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Newtown Area Zoning Jointure considering regulations for billboards, EV charging stations


The townships of Wrightstown, Newtown and Upper Makefield are considering placing local zoning regulations on billboards and electric vehicle charging stations.

The three neighboring municipalities handle zoning rules collectively through the Newtown Area Joint Zoning Council.

The jointure has put forward two ordinances – one on billboards, one on electric vehicle charging stations – for the boards of supervisors and planning commissions of the three township to review and provide recommendations upon.

The proposed ordinances came up at the Jan. 22 Wrightstown Board of Supervisors meeting.

Wrightstown Supervisor Chairman Chester Pogonowski said the ordinances are not the finished article at this point. He noted the boards of supervisors for each of the three townships must approve the ordinances before they can take effect, and that voting may not occur until the fourth quarter of this year.

“Each township is on its own schedule for review and proposing changes, fitting the reviews in between other project reviews,” said Pogonowski.

Still, what officials are considering could prove of interest to residents. Currently, local zoning rules don’t address billboards. An under-consideration ordinance would change that.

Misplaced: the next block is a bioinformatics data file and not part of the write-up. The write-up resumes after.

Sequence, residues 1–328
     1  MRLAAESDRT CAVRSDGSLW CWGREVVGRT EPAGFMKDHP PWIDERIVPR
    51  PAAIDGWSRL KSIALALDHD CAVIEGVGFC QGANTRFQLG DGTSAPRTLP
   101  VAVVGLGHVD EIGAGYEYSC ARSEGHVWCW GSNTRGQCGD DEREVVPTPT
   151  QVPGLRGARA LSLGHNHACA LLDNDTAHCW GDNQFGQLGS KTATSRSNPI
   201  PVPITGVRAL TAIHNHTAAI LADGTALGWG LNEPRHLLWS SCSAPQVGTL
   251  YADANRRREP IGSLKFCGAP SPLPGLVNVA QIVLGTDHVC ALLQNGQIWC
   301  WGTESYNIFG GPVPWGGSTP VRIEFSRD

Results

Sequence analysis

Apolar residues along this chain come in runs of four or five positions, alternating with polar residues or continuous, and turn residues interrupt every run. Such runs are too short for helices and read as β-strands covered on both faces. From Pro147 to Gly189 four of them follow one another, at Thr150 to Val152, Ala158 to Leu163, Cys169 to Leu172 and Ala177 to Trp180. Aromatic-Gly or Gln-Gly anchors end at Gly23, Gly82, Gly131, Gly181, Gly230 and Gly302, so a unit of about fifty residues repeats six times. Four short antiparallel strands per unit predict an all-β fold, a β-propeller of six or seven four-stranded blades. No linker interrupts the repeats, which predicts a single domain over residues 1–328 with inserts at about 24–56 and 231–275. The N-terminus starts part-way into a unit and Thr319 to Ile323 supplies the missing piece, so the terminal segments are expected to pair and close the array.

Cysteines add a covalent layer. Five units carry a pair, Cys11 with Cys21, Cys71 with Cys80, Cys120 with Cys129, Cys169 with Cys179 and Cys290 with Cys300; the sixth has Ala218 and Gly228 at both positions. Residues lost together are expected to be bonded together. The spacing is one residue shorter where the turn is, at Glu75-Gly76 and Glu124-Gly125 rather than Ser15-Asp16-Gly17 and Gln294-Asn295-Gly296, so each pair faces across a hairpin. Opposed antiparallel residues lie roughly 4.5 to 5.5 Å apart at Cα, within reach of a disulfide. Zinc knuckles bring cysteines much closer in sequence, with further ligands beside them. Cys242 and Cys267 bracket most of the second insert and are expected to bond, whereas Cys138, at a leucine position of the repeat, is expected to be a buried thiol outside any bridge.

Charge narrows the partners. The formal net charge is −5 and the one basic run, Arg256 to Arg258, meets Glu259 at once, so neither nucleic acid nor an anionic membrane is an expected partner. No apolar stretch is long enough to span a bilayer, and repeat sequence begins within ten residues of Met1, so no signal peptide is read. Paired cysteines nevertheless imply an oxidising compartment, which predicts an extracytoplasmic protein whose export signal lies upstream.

“It would establish regulations for the placement of billboards within the jointure municipalities and would establish specific areas where billboards would be permitted,” Pogonowski said. As it stands, there is only one billboard in the jointure area – on Route 413 in Wrightstown, the chairman noted.

The electric vehicle charging station ordinance provides zoning regulations for placement of commercial and residential charging stations.

Based on what’s been considered to date, the commercial installations would be more highly regulated relative to property location, design and use.

“The ordinance also makes a distinction between the placement of a limited number of units in front of a store or office, and a service station approach where the entire lot is dedicated to vehicle charging,” Pogonowski shared.

As currently envisioned, the rules would allow businesses to charge a fee for the use of the units. However, “charging stations for residential properties would be specifically permitted for ‘personal’ use,” Pogonowski explained. “Residents’ units would be for private property use only and would not be able to be used to provide a service to others either for free or with payment.”

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